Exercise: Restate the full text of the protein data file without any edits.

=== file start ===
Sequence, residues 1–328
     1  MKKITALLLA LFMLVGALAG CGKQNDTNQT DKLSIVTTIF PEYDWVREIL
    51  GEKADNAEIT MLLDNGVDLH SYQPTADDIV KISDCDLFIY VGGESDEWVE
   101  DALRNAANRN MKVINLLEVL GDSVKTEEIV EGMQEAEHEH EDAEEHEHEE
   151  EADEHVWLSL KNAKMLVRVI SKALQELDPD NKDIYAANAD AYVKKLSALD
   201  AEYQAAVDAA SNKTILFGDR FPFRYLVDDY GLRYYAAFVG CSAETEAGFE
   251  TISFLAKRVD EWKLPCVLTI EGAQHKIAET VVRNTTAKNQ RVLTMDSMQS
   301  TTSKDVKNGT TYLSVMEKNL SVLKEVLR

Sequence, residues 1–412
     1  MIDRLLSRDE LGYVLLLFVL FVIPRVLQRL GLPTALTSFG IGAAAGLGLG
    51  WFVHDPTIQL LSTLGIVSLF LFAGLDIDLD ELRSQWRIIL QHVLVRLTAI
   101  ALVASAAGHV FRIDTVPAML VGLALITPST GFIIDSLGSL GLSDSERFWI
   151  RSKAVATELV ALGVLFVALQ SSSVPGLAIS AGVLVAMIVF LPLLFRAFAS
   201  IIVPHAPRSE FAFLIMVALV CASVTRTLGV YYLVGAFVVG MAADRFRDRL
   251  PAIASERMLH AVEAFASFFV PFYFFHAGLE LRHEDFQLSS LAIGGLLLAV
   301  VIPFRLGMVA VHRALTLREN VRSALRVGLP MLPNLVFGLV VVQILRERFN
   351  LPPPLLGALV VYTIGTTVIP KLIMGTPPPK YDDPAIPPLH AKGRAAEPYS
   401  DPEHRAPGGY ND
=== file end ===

Sequence, residues 1–328
     1  MKKITALLLA LFMLVGALAG CGKQNDTNQT DKLSIVTTIF PEYDWVREIL
    51  GEKADNAEIT MLLDNGVDLH SYQPTADDIV KISDCDLFIY VGGESDEWVE
   101  DALRNAANRN MKVINLLEVL GDSVKTEEIV EGMQEAEHEH EDAEEHEHEE
   151  EADEHVWLSL KNAKMLVRVI SKALQELDPD NKDIYAANAD AYVKKLSALD
   201  AEYQAAVDAA SNKTILFGDR FPFRYLVDDY GLRYYAAFVG CSAETEAGFE
   251  TISFLAKRVD EWKLPCVLTI EGAQHKIAET VVRNTTAKNQ RVLTMDSMQS
   301  TTSKDVKNGT TYLSVMEKNL SVLKEVLR

Sequence, residues 1–412
     1  MIDRLLSRDE LGYVLLLFVL FVIPRVLQRL GLPTALTSFG IGAAAGLGLG
    51  WFVHDPTIQL LSTLGIVSLF LFAGLDIDLD ELRSQWRIIL QHVLVRLTAI
   101  ALVASAAGHV FRIDTVPAML VGLALITPST GFIIDSLGSL GLSDSERFWI
   151  RSKAVATELV ALGVLFVALQ SSSVPGLAIS AGVLVAMIVF LPLLFRAFAS
   201  IIVPHAPRSE FAFLIMVALV CASVTRTLGV YYLVGAFVVG MAADRFRDRL
   251  PAIASERMLH AVEAFASFFV PFYFFHAGLE LRHEDFQLSS LAIGGLLLAV
   301  VIPFRLGMVA VHRALTLREN VRSALRVGLP MLPNLVFGLV VVQILRERFN
   351  LPPPLLGALV VYTIGTTVIP KLIMGTPPPK YDDPAIPPLH AKGRAAEPYS
   401  DPEHRAPGGY ND